A Sinn Fein win would be a milestone for a party long linked to the Irish Republican Army, a paramilitary group that used bombs, bullets and other forms of violence to try to take Northern Ireland out of U.K. rule during decades of unrest — in which the British Army and Royal Ulster Constabulary, as well as Protestant Loyalist paramilitaries, were also strongly involved.
A victory would bring Sinn Fein’s ultimate goal of a united Ireland a step closer. But the party has kept unification out of the spotlight during a campaign that has been dominated by more immediate concerns, namely the skyrocketing cost of living.
With about 51 of 90 seats counted so far, results showed that Sinn Fein has 18 seats, while the Democratic Unionist Party, which has been the largest in the Northern Ireland Assembly for two decades, have 14.
Unionist parties have led the government since Northern Ireland was formed as a Protestant-majority state in 1921.
While a Sinn Fein win would be a historic shift that shows diluting support for unionist parties, it’s far from clear what happens next.
Under a mandatory power-sharing system created by the 1998 peace agreement that ended decades of Catholic-Protestant conflict, the jobs of first minister and deputy first minister are split between the biggest unionist party and the largest nationalist one.
Both posts must be filled for a government to function, but the Democratic Unionist Party has suggested it might not serve under a Sinn Fein first minister.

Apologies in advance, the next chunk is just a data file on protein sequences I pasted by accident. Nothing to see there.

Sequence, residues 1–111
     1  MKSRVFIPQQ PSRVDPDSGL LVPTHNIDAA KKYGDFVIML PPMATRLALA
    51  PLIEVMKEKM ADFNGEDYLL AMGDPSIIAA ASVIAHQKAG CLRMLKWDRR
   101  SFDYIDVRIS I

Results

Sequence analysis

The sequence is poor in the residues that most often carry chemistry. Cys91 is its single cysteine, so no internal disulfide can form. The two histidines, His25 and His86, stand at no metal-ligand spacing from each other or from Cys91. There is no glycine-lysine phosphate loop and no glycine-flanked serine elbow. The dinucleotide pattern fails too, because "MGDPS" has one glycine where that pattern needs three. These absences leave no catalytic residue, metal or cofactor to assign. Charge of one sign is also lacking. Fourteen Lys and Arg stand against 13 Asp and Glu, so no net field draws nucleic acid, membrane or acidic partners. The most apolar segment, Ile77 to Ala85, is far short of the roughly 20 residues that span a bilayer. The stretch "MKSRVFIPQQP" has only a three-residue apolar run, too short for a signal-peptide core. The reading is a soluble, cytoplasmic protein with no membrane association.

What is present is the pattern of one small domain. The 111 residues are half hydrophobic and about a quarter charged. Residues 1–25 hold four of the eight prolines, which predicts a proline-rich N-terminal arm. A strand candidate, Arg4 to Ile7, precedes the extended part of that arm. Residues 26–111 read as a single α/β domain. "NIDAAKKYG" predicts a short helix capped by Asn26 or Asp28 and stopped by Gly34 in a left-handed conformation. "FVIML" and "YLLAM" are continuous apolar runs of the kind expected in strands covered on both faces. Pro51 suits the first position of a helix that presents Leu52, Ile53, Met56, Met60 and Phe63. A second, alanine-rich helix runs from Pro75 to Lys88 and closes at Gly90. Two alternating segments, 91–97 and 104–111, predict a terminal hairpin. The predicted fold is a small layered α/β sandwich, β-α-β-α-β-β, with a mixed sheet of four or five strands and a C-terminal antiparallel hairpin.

The DUP has also said it will refuse to join a new government unless there are major changes to post-Brexit border arrangements, known as the Northern Ireland Protocol, that are opposed by many unionists.
The post-Brexit rules have imposed customs and border checks on some goods entering Northern Ireland from the rest of the U.K. The arrangement was designed to maintain an open border between Northern Ireland and EU member Ireland, a key pillar of the peace process.
But it angered unionists, who maintain that the new checks have created a barrier between Northern Ireland and the rest of the U.K. that undermines their British identity.
In February the DUP’s Paul Givan resigned as first minister as post-Brexit tensions triggered a fresh political crisis in Northern Ireland.
Polling expert John Curtice, a professor of political science at the University of Strathclyde, said the Northern Ireland results are a legacy of Brexit.
“The unionist vote has fragmented because of the divisions within the community over whether or not the Northern Ireland Protocol is something that can be amended satisfactorily or whether it needs to be scrapped,” he wrote on the BBC website.
Persuading the DUP to join a new government will pose a headache for British Prime Minister Boris Johnson, he added.
Sinn Fein vice president Michelle O’Neill said the party wanted to work “in partnership with others.”
“That is the only way we will achieve much, much more for people here, whether in terms of the cost-of-living crisis or trying to fix our health service,” she said.
She also said that with regard to Irish unification, there would be no constitutional change until voters decide on it.
Party leader Mary Lou McDonald indicated on Friday that planning for any unity referendum could come within the next five years.
The full results of the election, which uses a system of proportional representation, were expected later in the weekend.
The new legislators will meet next week to try to form an executive. If none can be formed within six months, the administration will collapse, triggering a new election and more uncertainty.